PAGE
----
Appendix C: Maintenance guidelines
Tips and tricks on how to perform maintenance on your resources
Translation work can get complicated from time to time. There is one thing that can definitely help you make it easy and more structured again - order in your resources.
When using your resources, make sure to check if all the below aspects are tackled, so that your work would be faster, easier, and safer.
Keep your resources in the right place
When planning where to store your resources, keep in mind that memoQ is not compatible with network drives and cloud storage services like OneDrive or Dropbox.
When you have a TM attached to a project, memoQ is actively using it in the background during your work. Unfortunately, external drives can lose connection or start synchronizing when you are translating and, in the end, corrupt your files. Therefore, keep your projects and resources in a local folder on your computer drive.
Want to learn more? See the documentation topic about location settings.
Clean up translation memories regularly
A translation memory's size depends on the number and the length of its entries (translation units) and some of its properties.
When your TM gets too big (around 1 million entries), it can cause issues like resource corruption or an occasional software crash.
Additionally, when translating big or many similar files, you can end up with repeating entries across different documents. These are called duplicates.
You can create duplicates in your TM by:
confirming a lot of identical translations to it, using different contexts
using a translation memory that allows multiple translations for the same source segment and the same context
importing TMX files into the translation memory with many identical source segments
importing a TMX file more than once
confirming a lot of non-text segments (segments made up from numbers, dashes, tags, etc.)
The Filtering and sorting window opens. Here, you can apply filters and sorting steps to get to the entries you need. When you are done, click OK.
The TM editor opens, showing segments based on the filters you chose. Then, on the Translation memory editor ribbon, click Remove Duplicates. The Filter for duplicates window opens - that’s the place where the magic happens. You can tell memoQ here what to treat as a duplicate, and what to do with the duplicates once they are found.
Things that can have an impact on the TM editor's performance:
how many entries are in the TM
how many entries are duplicates or contain only numbers or tags
if the TM folders are stored on an SSD (Solid-State Drive)
how many applications are running in the background
if your TM folders are added to your antivirus app as “exceptions” so it won’t block memoQ from accessing the TM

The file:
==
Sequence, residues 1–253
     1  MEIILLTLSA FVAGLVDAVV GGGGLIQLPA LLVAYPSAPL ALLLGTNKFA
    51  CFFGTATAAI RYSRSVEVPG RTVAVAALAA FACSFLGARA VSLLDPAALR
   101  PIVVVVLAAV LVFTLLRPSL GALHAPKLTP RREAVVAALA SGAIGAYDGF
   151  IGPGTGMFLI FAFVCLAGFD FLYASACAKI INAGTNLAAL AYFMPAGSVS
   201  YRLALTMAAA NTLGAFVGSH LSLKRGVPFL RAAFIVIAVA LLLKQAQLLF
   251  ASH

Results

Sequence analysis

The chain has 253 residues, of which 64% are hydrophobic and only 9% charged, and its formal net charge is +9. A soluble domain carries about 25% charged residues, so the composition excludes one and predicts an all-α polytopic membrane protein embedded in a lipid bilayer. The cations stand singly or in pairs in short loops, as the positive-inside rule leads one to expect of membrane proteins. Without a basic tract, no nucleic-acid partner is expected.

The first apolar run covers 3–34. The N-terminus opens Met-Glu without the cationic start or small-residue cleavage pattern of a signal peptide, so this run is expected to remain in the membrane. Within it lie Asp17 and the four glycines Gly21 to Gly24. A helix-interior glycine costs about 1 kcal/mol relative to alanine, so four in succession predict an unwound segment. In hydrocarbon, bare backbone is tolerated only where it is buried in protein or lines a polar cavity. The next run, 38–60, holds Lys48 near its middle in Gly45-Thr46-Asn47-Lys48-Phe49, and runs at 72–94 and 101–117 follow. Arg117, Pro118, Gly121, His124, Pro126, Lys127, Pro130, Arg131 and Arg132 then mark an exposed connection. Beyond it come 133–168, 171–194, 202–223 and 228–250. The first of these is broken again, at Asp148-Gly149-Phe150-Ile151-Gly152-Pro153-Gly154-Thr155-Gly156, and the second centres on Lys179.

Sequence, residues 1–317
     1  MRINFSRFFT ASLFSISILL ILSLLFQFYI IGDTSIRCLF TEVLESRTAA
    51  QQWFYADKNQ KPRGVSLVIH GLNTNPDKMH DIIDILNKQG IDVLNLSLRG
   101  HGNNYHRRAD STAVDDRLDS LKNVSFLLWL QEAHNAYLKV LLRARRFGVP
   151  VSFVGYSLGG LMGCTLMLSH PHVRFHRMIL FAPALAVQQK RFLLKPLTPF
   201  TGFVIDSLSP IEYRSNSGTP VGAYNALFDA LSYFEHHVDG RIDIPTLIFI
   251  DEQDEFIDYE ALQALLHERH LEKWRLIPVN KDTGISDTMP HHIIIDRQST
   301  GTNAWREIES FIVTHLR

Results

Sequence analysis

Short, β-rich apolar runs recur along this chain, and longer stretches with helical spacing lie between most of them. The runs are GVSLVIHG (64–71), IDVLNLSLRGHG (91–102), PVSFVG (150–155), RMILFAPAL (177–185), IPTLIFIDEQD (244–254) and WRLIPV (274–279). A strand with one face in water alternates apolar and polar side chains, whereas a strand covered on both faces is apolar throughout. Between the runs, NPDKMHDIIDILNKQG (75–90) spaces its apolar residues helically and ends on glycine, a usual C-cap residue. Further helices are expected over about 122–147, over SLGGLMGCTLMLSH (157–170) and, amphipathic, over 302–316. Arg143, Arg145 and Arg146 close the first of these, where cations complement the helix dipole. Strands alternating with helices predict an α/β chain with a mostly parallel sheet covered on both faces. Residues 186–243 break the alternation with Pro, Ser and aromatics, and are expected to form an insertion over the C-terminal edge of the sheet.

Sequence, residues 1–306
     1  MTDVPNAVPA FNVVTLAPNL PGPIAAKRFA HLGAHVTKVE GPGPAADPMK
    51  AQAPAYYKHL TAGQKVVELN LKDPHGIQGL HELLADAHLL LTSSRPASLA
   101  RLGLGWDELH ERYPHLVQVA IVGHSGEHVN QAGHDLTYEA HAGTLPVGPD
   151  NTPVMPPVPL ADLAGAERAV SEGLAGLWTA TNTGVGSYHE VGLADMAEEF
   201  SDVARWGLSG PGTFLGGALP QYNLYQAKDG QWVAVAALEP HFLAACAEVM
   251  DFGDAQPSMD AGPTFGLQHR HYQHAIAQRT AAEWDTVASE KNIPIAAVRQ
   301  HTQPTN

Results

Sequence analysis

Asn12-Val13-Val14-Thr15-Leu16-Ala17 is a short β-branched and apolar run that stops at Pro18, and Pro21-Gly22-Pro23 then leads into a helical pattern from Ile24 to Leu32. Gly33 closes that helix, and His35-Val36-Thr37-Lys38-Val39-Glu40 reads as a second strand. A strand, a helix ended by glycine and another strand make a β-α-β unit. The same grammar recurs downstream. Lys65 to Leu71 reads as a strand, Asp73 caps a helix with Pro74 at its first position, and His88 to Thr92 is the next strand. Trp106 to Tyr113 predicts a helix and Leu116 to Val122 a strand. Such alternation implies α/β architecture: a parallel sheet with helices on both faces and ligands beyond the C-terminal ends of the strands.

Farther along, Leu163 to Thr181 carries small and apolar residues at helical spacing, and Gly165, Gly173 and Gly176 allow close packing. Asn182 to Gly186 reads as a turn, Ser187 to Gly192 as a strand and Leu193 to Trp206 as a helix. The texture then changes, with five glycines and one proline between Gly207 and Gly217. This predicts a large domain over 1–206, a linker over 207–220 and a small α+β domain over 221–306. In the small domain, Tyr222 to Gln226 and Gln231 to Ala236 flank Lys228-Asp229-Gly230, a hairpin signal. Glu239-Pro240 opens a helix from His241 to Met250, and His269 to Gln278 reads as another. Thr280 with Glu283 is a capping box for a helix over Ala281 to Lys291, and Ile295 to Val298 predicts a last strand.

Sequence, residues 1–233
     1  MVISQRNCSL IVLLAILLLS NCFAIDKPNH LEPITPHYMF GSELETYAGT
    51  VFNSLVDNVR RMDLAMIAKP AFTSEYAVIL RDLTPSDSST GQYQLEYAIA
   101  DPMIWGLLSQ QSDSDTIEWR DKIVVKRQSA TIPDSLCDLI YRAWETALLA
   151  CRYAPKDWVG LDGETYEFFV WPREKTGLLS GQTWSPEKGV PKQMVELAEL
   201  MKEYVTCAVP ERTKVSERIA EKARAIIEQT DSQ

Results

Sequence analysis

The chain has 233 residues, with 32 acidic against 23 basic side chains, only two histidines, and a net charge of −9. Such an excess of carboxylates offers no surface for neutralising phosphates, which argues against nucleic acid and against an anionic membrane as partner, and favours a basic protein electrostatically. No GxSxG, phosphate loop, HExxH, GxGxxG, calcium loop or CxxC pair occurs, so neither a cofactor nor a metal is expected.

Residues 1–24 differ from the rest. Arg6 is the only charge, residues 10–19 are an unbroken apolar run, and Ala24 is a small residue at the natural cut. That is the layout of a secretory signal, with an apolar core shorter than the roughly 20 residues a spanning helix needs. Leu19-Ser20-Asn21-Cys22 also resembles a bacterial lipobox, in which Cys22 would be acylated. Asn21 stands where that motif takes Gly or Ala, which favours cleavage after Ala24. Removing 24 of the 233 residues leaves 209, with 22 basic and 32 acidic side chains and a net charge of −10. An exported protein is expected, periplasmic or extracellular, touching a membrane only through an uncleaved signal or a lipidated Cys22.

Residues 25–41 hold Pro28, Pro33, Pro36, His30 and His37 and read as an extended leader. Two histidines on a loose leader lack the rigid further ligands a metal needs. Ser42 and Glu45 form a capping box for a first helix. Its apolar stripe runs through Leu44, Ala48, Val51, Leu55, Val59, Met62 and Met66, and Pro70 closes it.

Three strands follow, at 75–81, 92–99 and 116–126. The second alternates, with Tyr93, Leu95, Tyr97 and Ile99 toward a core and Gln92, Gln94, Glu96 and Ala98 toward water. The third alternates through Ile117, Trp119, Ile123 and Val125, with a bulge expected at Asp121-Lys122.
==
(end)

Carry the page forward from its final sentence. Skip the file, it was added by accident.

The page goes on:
What to do with TMs you no longer need?
Only delete a translation memory if you are absolutely sure you do not need it anymore. Otherwise consider these options:
Shrink it by merging or deleting duplicate entries (see above).
Remove entries older than a certain date.
On the TM editor's ribbon, click the Filter/Sort button.
Choose a Before date, and export the entries created or modified earlier into a TMX file.
Press Ctrl+Shift+A to select all visible segments.
On the ribbon, click the Delete button, then the Save changes button.
Close the TM editor.
On the Resource console, import the TMX file into another translation memory.
Now you can use a smaller TM in your projects, and add the other one (with the old entries) whenever you need it.
To delete a TM, right-click it on the Resource console or in Project home, and choose Delete from the context menu. To confirm, click Yes under the confirmation message.
After project wrap-up, confirm and update all segments to the master TM
After project wrap-up, delete the working TM.
Keep your term bases nice and clean
The size of your term base depends on the number of entries, number of languages, and images added to it.
While TMs have a universal format (TMX) that transfers well between different CAT tools, TBs have multiple ones (for example, comma-separated CSV files, Excel sheets or XML files). Also, TBs in different CAT tools have different fields and data types. Therefore, it is easy to grow your TB's size or create duplicates when working on it.
You can create duplicates in your TB by:
importing entries from a file
using the Quick add term command while adding terms from the translation editor.
What are the best practices for working with term bases?
keep them below 2 GB
delete the ones you no longer need
add only small images to term bases
clean up duplicates regularly.
How to clean up duplicates in your TB?
In the Project home window, click Term bases.
Right-click a term base, and in the context menu, click the Edit button.
On the Term Base Editor ribbon, click the Show Duplicates button, and start checking your entries.
Want to learn more? Read the documentation topic about filtering for TB duplicates.
Check your LiveDocs
If you use LiveDocs corpora to align files and distribute reference material, keep track of how fast they grow.
Aligning two 900-KB DOCX files would result in a corpus of 2 MB. After editing the alignment and marking it as finished, the size grows to 2.4 MB.
What are the best practices for working with LiveDocs?
Abandoned corpora can take up a lot of space. Delete unused ones or those you created for a specific project - after that project is finished, consider exporting them before deleting.
Sometimes LiveDocs corpora get corrupted. You can restore your work by importing your alignment pairs and aligned documents into a freshly created corpus.
To prevent corruption, export your corpus to a TM after you finished working on it.
Do you need more help or got more questions? See this page for more information.